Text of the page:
The creative process involved in experiencing art is not just refreshing but healing, too.
As Rajeev entered the cozy dance studio nestled above the cafe near his office, he felt the stress of the day slipping away. He smiled and waved to a couple of familiar faces in the room. Faces, just like his, that had once carried the burden of having to fake emotions they never felt.
As the music began, Rajeev felt each beat embracing him. He felt free and childlike as he began to use colour and movement to communicate what was weighing on his heart. Art therapy they called it. A type of psychotherapy that encourages individuals to use self-expression through various art forms to improve their physical, mental and emotional well-being.
“Friends couldn’t understand why I was always feeling low. They told me to snap out of my bad mood. They said I was being ungrateful for what I had. I almost gave up, but I’m grateful for my sister who introduced me to art therapy. This programme has helped me overcome the cloud of hopelessness that used to hang over me every single day. I feel alive now,” says Rajeev emotionally.
Across the world, art therapy is proving to be an effective treatment option for many mental ailments. In a country like India, with only one psychiatrist for every 200,000 people, the introduction of art therapy in schools, colleges, hospitals, and workplaces is the need of the hour.
Like Rajeev, many Indians today suffer in silence due to the stigma surrounding mental and emotional issues. According to a WHO report, around 56 million citizens suffer from depression and another 38 million, from anxiety disorders.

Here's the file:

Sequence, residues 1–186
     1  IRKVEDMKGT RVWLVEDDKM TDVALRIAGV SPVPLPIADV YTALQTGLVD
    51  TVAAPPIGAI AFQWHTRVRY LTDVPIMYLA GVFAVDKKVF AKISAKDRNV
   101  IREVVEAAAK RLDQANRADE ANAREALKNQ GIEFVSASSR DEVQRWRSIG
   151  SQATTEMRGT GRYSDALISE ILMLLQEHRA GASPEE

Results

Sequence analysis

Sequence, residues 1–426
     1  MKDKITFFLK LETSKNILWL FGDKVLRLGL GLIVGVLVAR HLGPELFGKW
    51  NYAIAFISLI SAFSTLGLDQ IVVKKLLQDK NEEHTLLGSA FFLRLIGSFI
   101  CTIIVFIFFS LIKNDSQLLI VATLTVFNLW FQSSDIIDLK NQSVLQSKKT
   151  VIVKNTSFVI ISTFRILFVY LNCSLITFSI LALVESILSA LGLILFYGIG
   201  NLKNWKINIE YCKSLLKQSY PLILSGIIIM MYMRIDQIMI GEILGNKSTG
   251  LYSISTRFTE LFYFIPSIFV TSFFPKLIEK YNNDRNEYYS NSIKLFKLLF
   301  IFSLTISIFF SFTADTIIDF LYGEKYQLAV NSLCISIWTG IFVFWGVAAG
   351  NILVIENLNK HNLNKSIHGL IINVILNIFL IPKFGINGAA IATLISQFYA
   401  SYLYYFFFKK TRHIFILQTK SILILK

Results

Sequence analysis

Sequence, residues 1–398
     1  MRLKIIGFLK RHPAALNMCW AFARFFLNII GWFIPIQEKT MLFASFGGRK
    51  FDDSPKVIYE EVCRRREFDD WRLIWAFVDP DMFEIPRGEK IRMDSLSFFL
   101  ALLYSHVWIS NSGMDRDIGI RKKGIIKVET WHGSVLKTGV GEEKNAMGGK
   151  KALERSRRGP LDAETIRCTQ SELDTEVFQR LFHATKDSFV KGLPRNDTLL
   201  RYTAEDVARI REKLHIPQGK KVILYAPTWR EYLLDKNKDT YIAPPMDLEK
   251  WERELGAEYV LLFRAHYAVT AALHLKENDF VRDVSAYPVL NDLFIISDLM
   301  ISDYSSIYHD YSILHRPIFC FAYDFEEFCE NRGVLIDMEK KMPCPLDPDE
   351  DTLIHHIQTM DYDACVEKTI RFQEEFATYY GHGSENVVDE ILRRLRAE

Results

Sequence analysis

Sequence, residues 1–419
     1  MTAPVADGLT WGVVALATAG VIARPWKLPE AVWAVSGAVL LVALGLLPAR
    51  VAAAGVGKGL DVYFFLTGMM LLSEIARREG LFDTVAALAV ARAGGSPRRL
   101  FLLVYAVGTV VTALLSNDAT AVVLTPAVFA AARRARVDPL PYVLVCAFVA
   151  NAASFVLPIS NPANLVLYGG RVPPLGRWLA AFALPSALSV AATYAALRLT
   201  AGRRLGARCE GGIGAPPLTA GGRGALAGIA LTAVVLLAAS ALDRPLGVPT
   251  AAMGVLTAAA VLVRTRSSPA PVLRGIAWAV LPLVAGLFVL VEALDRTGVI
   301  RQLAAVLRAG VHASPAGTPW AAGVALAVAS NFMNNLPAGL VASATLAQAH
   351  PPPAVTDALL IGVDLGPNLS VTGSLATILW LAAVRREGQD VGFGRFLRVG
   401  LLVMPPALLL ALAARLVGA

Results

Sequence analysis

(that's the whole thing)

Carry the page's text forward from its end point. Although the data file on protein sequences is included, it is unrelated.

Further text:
Besides emotional issues, art therapy also helps patients with traumatic illnesses, such as cancer, to deal with their emotions and steer through their treatment process positively. In a recent study published by the European Journal of Cancer care, art therapy in combination with conventional treatments such as radiation and chemotherapy not only reduces symptoms usually associated with cancer, such as pain, fatigue and anxiety, but also enhances life expectancy of the patients.
The origins of art therapy dates back to the early 1940s when British artist, educator, broadcaster and author Adrian Hill used art as a coping mechanism while battling tuberculosis. In his book ‘Art Versus Illness’, published in 1945, he writes: “I became… a diligent and leisurely composer of precise pencil productions, each of which, in the terms of my restricted medium, sought to express my personal reactions to the unreality of my existence.”
Since then, various studies have shown that the creative process involved in making art is healing and life-enhancing for both children and adults.
“Art therapy engages maximum senses that can win over anxiety to such a strong extent that it can help one look at the brighter side of life during an emotional or physical atrocity. With many benefits and zero side-effects, it’s hardly surprising that art is being pegged as the new miracle drug for all,” says Shikha Mittal, Founder-Director, Be.artsy.
Be.artsy is a pioneer in using performance, literary and visual art-based programmes to address social and workplace issues. The organisation is gearing up to start art therapy programmes in partnership with workplaces, hospitals, schools and colleges in the near future.